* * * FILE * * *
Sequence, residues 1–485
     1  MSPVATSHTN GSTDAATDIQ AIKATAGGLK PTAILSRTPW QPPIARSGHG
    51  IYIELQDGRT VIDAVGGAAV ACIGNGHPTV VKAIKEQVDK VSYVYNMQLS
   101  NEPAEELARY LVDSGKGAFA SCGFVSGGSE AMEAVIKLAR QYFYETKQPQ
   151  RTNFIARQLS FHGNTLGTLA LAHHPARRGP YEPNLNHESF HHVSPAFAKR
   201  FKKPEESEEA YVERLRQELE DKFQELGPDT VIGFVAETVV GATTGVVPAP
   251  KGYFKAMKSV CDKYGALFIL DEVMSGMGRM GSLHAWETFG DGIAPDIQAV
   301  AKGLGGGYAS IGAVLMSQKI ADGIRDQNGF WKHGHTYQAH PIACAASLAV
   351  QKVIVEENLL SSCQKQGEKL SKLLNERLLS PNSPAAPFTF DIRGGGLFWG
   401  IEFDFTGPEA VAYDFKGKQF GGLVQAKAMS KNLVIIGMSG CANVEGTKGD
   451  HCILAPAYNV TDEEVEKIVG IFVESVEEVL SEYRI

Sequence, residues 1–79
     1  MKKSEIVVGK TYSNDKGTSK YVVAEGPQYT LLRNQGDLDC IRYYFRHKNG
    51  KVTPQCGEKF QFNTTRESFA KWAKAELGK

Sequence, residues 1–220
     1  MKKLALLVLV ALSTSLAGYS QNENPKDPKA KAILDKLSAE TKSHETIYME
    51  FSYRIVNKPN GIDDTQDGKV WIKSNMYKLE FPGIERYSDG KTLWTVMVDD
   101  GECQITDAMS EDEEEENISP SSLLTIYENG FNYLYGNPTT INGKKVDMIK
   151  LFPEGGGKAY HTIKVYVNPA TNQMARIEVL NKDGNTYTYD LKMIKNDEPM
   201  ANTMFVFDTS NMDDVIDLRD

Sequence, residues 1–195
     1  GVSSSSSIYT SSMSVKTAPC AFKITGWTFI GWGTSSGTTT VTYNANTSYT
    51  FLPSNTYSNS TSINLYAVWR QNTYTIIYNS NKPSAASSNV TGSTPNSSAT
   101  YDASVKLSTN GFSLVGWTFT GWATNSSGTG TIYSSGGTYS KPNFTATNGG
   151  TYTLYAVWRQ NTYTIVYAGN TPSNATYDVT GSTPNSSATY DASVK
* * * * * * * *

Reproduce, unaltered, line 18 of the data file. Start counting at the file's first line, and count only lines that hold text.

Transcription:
   101  GECQITDAMS EDEEEENISP SSLLTIYENG FNYLYGNPTT INGKKVDMIK